Film Review: Fear Street Part Three: 1666

Spoilers ahead!

Creepy poster.

Gah! I didn’t realize until I saw some other reviews for this film that the year, 1666, must’ve been chosen because of “666.” Duh!

Well, I’ll be darned. Fear Street got me again with the conclusion to the trilogy, Fear Street Part Three: 1666. I didn’t expect them to flip the script where it turns out, Sarah Fier, who up to this point, we believed was the evil witch behind centuries of awful killings at Shadyside, was innocent all along. Not only was she innocent, but it’s been the descendants of Solomon in 1666, including Sheriff Goode, who are the ones who made a pact with the Devil requiring a sacrifice. That’s why Sunnyside is, well, sunny and rich comparatively. It’s built by the Devil.

I thought 1666 was super fun, watching as the small town turned into a mob against Fier and Hannah Miller, who had a “dalliance,” aka they were kissing. Lesbians in 1666! Witches! It was also particularly maddening that the town believed mad Thomas! He’s mad! And that they believed the guy who was scorned by Hannah. That is, he tried to “make a move” on her and she rejected him. Then he calls her a witch. Mhm.

And it’s funny because I thought Solomon was the good guy pushing back against the mob and trying to protect Fier. Womp womp.

Would you believe this shady character, pun intended?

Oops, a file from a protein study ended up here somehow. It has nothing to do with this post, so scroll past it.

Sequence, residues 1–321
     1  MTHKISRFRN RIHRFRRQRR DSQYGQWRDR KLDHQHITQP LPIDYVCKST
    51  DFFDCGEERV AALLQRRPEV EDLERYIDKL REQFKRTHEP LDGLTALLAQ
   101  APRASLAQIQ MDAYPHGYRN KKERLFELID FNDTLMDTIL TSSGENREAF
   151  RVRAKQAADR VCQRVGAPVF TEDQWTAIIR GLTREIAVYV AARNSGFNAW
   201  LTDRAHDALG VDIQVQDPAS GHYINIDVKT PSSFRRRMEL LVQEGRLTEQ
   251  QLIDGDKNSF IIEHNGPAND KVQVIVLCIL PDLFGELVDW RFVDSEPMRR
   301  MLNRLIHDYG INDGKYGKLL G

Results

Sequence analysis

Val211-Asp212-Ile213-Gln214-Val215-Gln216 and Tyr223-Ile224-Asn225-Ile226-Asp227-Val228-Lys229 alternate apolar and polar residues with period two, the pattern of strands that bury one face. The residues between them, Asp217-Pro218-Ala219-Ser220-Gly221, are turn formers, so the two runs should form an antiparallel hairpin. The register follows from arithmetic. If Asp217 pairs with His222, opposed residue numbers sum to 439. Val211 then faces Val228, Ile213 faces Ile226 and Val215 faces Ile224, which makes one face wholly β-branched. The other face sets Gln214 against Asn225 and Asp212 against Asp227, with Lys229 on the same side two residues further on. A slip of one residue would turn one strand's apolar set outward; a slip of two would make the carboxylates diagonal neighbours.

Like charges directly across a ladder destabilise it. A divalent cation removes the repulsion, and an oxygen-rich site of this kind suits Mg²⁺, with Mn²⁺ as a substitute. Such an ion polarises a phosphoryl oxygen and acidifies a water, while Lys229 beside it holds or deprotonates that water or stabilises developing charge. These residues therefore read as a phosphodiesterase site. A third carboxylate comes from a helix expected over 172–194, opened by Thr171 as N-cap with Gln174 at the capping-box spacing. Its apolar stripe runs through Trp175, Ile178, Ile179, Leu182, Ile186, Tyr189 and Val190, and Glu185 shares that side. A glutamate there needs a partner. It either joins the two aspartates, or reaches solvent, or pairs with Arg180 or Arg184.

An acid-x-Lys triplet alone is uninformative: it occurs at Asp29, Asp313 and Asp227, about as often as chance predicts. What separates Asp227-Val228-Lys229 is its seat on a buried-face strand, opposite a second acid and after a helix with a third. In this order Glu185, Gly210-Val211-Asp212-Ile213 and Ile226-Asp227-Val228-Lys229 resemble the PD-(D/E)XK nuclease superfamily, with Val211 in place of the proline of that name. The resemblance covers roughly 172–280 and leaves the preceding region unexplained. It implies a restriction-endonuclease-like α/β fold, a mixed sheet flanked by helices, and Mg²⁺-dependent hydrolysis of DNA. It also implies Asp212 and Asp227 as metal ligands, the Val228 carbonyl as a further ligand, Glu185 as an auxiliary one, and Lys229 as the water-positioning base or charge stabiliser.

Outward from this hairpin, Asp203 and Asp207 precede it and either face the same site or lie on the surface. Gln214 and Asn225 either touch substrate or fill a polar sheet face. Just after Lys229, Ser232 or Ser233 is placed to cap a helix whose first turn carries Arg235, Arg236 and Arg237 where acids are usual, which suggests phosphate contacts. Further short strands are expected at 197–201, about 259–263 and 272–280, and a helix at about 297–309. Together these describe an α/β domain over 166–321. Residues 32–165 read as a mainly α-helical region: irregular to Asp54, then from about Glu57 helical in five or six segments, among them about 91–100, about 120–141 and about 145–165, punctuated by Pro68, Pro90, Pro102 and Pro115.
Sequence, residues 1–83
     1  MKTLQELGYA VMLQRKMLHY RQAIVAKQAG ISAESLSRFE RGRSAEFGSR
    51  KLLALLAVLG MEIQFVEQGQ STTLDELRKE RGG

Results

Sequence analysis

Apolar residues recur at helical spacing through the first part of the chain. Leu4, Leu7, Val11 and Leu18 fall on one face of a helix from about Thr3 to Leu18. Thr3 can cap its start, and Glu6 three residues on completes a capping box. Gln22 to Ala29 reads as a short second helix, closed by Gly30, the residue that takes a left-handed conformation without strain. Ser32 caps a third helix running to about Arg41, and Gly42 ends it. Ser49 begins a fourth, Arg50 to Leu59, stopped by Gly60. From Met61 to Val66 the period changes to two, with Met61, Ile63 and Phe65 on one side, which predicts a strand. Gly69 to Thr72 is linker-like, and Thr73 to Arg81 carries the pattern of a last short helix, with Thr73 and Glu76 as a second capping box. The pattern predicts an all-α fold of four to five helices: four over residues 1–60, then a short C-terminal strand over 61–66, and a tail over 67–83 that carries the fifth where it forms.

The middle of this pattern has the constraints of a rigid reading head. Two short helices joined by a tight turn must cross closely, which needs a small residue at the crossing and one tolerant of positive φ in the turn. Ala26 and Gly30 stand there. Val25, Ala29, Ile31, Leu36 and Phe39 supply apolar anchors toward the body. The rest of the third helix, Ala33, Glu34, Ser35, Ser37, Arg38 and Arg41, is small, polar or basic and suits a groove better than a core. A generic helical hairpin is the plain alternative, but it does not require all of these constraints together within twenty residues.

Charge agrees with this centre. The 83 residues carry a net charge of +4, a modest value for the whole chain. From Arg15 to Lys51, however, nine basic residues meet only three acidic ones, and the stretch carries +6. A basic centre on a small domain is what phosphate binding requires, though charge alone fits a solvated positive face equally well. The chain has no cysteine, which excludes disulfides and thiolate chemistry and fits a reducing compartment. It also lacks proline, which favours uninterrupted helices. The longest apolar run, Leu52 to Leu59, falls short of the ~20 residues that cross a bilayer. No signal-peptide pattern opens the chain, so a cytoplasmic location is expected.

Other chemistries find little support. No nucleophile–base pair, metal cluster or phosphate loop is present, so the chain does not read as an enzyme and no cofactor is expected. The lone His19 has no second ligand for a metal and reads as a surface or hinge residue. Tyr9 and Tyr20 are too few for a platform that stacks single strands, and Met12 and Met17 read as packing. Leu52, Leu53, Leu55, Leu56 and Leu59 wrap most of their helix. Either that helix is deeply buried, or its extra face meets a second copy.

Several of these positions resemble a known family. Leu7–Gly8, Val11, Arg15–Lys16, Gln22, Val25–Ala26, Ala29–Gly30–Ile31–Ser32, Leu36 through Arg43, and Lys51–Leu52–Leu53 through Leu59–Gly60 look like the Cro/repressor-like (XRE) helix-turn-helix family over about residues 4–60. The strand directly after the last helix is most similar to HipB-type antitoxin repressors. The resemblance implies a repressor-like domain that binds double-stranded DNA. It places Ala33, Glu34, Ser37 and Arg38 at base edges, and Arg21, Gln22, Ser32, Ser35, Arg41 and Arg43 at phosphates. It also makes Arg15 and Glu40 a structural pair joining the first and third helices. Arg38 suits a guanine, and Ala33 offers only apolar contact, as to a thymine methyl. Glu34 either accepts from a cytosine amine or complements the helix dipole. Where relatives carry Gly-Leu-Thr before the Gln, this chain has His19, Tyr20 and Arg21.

This one was also rather scary. Once the Devil stuff washes over the town, weird things start happening, such as the food going bad and in one horrific scene, Fier’s mother hog eats all of her babies. Yuck. Between that scene and Pig, last week wasn’t a good week for hogs, huh?

And one of the most haunting scenes in the entire trilogy is when Solomon goes into the church, where Pastor Miller was supposed to be teaching the town’s children. Instead, Miller went crazy and gouged the eyes out of all the children, killing them, and he gouged his own eyes out. That was creepy as heck.

I also thought Kiana Madeira, who plays Deena in 1994 and Fier here, was much, much better than in the first film. She brought it and had one of the best monologues in the entire trilogy when she’s being defiant with Hannah against the town. “They will see I am no lamb,” she says. Oooh, get ’em!

We then switch back to 1994 for a Part Two, and that was loads of fun, too. The crew heads back to the mall where they try to Scooby-Doo the killers again and to goad Goode to kill him. One of the best moments there was when the crew used the blood on the monsters so that they would start fighting each other. It’s always fun to see crazy monsters fight other crazy monsters.

Eventually, Deena is able to kill Goode and the truth of Sunnyside and what the Goode’s have done comes to light.

I think what I’ve liked best about the Fear Street trilogy is that it kept bucking my expectations and horror genre conventions. Yes, it paid homage to the great horror movies, like Scream and Friday the 13th, and it reveled in some of that B-level horror movie cheese, but it also tried new things and surprised me in the process.

Overall, I would rank the trilogy as 1978, 1666 and 1994.

It also seems like we aren’t done because the mid-credits scene showed someone taking the satanic book at the heart of all the evil. I’m not sure how I feel about that. I think I’d prefer seeing Fear Street turn into an anthology trilogy series where we get different storylines each time rather than continuing this one. But hey, if they have more story they feel like they can tell, then let’s go.

Spooky.

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